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FOREWORD I am a Bedouin, a son of one of the Heads of the tribe of El-Sulût, who dwell in El-Lejât, in the Haurân territory. Like other sons of tribal Chiefs, I entered the Tribal School at Constantinople, and subsequently the Royal College. On the completion of my education, I was attached to the staff of the Vali of Syria (or Damascus), on which I remained for a long while. I was then Kaimakâm of Mamouret-el-Azîz... more...

MAPS TO VOLUME I. Pains have been taken to embody in the maps all topographical information existing up to date. A very considerable amount of valuable triangulation has been executed over portions of South Africa, but no systematic detailed survey has ever been made by any of the South African colonies or states. Maps have, however, been compiled by both Cape Colony and Natal. The former has prepared and published a map extending north as far... more...

CHAPTER I. ANTE BELLUM. At the Rocky Mountains.--Sentiment of the People.--Firing the Southern Heart.--A Midwinter Journey across the Plains.--An Editor's Opinion.--Election in Missouri.--The North springing to Arms.--An amusing Arrest.--Off for the Field.--Final Instructions.--Niagara.--Curiosities of Banking.--Arrival at the Seat of War. I passed the summer and autumn of 1860 in the Rocky Mountain Gold Region. At that time the population of... more...

LIFE AND MATTER AT WAR "Comprendre et ne pas s'indigner": this has been said to be the last word of philosophy. I believe none of it; and, had I to choose, I should much prefer, when in presence of crime, to give my indignation rein and not to understand. Happily, the choice has not to be made. On the contrary, there are forms of anger which, by a thorough comprehension of their objects, derive the force to sustain and renew their vigour. Our... more...

CHAPTER I The State of Greece from the earliest Times to the Commencement of the Peloponnesian War Thucydides, an Athenian, wrote the history of the war between the Peloponnesians and the Athenians, beginning at the moment that it broke out, and believing that it would be a great war and more worthy of relation than any that had preceded it. This belief was not without its grounds. The preparations of both the combatants were in every... more...


CHAPTER I. THE CAUSE OF THE WAR WITH SPAIN. Many causes led up to the Spanish-American war. Cuba had been in a state of turmoil for a long time, and the continual reports of outrages on the people of the island by Spain greatly aroused the Americans. The "ten years war" had terminated, leaving the island much embarrassed in its material interests, and woefully scandalized by the methods of procedure adopted by Spain and principally carried out... more...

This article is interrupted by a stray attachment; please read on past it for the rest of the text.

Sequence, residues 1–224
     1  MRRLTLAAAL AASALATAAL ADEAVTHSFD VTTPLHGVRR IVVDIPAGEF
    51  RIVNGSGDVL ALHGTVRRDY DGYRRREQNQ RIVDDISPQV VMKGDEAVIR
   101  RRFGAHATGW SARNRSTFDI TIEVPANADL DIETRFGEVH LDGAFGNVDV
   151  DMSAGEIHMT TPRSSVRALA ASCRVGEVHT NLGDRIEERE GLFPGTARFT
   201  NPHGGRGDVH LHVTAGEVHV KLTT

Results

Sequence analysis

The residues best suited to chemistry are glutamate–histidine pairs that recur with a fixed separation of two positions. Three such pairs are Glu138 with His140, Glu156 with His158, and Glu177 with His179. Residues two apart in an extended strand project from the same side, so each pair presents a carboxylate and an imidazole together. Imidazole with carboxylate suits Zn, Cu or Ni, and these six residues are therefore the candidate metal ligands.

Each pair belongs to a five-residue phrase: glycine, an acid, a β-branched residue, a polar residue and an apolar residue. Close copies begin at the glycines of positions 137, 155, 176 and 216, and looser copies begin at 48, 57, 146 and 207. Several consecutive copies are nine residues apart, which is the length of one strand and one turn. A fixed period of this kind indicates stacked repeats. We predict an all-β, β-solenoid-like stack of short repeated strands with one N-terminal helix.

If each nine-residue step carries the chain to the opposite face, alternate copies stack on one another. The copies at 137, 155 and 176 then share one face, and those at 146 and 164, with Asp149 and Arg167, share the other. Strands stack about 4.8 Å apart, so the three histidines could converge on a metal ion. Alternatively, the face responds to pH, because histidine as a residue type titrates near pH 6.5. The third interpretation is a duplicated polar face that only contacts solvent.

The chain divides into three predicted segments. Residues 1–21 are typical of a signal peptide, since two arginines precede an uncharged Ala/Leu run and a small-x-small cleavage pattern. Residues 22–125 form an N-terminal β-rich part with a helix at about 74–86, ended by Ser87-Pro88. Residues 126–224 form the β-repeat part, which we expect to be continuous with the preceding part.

CHAPTER I. GIBBON'S EARLY LIFE UP TO THE TIME OF HIS LEAVING OXFORD. Edward Gibbon was born at Putney, near London, on 27th April in the year 1737. After the reformation of the calendar his birthday became the 8th of May. He was the eldest of a family of seven children; but his five brothers and only sister all died in early infancy, and he could remember in after life his sister alone, whom he also regretted. FOOTNOTES: Gibbon's Memoirs... more...

BOOK I I.—All Gaul is divided into three parts, one of which the Belgae inhabit, the Aquitani another, those who in their own language are called Celts, in ours Gauls, the third. All these differ from each other in language, customs and laws. The river Garonne separates the Gauls from the Aquitani; the Marne and the Seine separate them from the Belgae. Of all these, the Belgae are the bravest, because they are farthest from the... more...

CHAPTER I PALESTINE'S INFLUENCE ON THE WAR In a war which involved the peoples of the four quarters of the globe it was to be expected that on the world's oldest battleground would be renewed the scenes of conflict of bygone ages. There was perhaps a desire of some elements of both sides, certainly it was the unanimous wish of the Allies, to avoid the clash of arms in Palestine, and to leave untouched by armies a land held in reverence by three... more...

The dagger of Jacques Clement had done much, and was likely to do more, to change the face of Europe. Another proof was afforded that assassination had become a regular and recognised factor in the political problems of the sixteenth century. Another illustration was exhibited of the importance of the individual—even although that individual was in himself utterly despicable—to the working out of great historical results. It seemed... more...